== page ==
This trend is well worth the shot

Seowon Han, Spotlight Editor & Business Manager

“Help Me.” 


Customers of the fast-fashion, online clothing brand SHEIN inspected the labels stitched on the tags of the company’s products to find these alarming messages, hypothetically printed by the factory workers.

The inspection began following a viral TikTok post exhibiting such messages on the tags of various pieces, and shortly after, a stream of social media posts surfaced, exposing the 75-hour work weeks and poor conditions of employees.

Despite such exploitations, the company has partnered with mega-influencers, like TikToker Addison Rae, to market its products to social media users.

The brand relies on influencer marketing to heighten its consumer count; for example, various influencers uploaded TikTok hauls of SHEIN items. The hashtag #sheinhaul garnered over 8.6 billion views on the platform.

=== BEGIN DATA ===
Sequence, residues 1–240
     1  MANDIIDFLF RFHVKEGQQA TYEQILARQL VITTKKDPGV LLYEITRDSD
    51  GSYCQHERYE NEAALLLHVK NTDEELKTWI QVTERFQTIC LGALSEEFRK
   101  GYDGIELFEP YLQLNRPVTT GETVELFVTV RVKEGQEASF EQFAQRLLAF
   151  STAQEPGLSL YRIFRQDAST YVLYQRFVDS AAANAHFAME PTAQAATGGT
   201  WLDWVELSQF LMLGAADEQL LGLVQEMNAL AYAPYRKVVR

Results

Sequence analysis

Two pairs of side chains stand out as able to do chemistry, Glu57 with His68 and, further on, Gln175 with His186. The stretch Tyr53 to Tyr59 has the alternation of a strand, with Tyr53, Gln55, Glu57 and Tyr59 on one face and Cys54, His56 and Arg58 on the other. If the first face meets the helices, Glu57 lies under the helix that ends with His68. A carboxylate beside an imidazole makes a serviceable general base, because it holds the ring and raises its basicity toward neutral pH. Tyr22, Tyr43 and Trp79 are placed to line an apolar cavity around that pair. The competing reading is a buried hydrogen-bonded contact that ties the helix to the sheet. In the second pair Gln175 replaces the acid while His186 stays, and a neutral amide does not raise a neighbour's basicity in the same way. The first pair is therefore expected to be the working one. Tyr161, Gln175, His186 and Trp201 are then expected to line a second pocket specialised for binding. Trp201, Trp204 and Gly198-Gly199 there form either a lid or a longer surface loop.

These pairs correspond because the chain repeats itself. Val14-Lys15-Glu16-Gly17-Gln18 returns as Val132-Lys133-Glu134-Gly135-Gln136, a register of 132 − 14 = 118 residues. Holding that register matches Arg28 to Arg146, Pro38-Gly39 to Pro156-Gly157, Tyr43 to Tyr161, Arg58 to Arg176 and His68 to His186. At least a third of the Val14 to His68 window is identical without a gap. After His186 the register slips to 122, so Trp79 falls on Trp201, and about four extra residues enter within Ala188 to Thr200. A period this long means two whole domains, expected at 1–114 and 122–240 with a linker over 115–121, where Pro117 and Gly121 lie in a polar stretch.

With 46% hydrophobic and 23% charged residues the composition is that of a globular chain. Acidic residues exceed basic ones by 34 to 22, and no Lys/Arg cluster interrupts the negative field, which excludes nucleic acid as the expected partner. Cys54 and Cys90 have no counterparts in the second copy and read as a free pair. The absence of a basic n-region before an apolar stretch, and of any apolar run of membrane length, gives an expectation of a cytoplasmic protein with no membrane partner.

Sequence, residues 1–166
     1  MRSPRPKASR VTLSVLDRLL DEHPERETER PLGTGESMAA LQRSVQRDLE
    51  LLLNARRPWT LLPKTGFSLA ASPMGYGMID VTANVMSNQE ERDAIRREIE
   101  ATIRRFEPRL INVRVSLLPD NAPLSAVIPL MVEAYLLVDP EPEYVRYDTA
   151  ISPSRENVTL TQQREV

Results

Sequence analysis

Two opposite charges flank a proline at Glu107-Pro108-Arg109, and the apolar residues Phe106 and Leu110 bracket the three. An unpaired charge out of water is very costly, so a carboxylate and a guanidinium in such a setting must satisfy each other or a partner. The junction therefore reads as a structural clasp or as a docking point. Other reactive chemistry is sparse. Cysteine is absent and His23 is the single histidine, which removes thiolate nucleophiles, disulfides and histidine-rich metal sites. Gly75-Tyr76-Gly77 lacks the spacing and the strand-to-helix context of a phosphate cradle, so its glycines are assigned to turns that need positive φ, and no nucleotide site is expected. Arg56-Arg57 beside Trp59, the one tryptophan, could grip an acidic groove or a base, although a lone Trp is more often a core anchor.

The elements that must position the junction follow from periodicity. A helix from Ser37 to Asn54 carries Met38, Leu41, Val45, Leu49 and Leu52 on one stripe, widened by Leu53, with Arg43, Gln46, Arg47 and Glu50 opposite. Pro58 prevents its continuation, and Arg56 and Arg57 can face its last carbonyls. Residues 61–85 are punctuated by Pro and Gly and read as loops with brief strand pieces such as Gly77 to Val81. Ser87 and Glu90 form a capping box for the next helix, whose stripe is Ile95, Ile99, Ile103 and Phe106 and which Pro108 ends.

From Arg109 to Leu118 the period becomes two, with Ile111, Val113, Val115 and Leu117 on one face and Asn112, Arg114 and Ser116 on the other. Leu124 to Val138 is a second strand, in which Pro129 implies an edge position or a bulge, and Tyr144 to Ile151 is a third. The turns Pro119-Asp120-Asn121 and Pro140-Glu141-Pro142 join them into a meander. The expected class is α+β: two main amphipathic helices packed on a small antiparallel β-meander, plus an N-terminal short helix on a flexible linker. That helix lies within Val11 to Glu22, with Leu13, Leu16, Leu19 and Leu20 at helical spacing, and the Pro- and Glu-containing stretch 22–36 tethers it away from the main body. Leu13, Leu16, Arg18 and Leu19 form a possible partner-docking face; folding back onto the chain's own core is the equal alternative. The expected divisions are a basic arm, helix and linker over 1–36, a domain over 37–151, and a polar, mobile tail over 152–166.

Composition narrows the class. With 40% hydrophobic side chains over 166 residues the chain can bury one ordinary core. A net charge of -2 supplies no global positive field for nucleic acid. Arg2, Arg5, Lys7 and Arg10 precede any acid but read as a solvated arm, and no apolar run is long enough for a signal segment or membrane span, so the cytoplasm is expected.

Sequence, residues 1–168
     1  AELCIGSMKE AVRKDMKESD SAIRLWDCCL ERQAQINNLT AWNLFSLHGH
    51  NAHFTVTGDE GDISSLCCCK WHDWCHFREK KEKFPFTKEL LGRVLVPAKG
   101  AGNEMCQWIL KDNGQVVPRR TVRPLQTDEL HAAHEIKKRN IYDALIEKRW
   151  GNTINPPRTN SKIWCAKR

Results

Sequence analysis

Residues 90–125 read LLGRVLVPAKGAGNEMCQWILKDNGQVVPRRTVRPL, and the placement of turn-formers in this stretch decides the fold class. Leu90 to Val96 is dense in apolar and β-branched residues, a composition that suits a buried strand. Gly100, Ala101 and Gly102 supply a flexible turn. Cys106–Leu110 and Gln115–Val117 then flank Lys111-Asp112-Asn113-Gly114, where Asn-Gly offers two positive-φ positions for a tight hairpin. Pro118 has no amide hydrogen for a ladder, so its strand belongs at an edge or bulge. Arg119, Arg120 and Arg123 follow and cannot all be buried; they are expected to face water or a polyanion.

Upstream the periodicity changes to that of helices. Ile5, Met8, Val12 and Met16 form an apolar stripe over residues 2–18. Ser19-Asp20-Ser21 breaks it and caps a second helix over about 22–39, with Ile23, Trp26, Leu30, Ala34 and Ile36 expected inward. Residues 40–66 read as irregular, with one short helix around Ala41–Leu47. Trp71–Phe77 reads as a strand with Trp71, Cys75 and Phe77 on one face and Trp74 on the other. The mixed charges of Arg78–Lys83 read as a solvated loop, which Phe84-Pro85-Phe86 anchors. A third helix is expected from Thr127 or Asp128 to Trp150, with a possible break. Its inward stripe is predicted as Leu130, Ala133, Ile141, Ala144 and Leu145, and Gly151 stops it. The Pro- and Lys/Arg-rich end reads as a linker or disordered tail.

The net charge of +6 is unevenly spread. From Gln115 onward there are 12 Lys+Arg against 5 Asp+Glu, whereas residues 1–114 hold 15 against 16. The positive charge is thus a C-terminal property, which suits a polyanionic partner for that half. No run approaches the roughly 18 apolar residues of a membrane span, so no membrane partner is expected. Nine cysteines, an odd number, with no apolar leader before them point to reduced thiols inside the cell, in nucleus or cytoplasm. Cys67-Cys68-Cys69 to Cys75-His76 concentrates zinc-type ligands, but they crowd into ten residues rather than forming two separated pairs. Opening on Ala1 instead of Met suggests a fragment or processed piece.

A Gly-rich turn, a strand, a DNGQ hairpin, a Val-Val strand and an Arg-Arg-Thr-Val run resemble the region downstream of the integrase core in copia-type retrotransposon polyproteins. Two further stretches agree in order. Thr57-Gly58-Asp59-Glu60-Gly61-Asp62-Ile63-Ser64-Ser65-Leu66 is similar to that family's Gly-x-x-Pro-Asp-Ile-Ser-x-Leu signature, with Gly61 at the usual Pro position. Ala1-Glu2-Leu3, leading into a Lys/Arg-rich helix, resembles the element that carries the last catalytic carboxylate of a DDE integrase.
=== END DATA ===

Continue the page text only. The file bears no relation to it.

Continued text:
The hundreds of social media influencers collaborating with the unethical brand in exchange for payments demonstrates a foundation of why the “de-influencing” movement transpired across platforms. 

The trend rejects the cult-like consumerism perpetuated by social media influencers, calling for greater transparency between the content creator and the consumer. By revealing the truth behind the quality of “hyped” products, de-influencing draws attention to heedless purchases.

“This trend of de-influencing is so cool because I love seeing people being aware of their overconsumption and kind of like getting ready to consume more intentionally,” said sustainability advocate Jessica Clifton (@impactforgood_) in her Thursday, Jan. 19 TikTok video that amassed 25.4K views.

Thanks to the de-influencing trend, more consumers and content creators alike are willing to initiate important conversations on environmental and social consciousness. 

However, some influencers use this trend to advertise and encourage viewers to buy alternatives. While it might help the viewers to make choices in spending less on expensive, overrated products, it doesn’t comply with the original aim of reducing overconsumption.

Although the videos did not directly stop the issue, the fact that people are trying to be part of this change and proactive movement is a step in the right direction.